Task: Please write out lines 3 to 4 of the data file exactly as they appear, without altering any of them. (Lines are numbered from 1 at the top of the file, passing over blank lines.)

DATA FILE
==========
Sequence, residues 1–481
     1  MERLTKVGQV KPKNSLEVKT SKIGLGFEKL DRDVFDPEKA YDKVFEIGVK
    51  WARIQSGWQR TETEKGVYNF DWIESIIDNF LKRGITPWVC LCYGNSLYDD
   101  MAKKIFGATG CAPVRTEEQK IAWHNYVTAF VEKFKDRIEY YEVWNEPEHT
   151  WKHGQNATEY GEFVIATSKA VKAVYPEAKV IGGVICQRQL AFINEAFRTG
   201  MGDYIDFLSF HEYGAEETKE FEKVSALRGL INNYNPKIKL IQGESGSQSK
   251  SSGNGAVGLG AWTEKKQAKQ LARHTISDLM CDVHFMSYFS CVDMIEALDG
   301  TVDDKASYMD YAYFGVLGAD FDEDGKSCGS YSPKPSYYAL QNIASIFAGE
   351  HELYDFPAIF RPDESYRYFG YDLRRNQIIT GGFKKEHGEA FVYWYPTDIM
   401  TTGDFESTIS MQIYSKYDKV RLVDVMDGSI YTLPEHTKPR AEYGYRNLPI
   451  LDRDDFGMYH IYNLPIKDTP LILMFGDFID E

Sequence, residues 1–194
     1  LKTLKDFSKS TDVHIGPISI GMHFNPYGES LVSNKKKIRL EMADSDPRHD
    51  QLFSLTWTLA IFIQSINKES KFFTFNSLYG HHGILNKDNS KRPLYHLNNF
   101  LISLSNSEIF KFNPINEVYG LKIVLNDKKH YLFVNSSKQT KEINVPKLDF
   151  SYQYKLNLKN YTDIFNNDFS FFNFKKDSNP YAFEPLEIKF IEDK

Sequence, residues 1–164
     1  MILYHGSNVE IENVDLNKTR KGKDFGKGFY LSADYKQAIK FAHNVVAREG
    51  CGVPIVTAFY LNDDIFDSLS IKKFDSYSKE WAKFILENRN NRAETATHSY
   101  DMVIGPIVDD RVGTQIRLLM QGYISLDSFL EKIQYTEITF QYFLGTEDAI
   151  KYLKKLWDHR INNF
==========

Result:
    51  WARIQSGWQR TETEKGVYNF DWIESIIDNF LKRGITPWVC LCYGNSLYDD
   101  MAKKIFGATG CAPVRTEEQK IAWHNYVTAF VEKFKDRIEY YEVWNEPEHT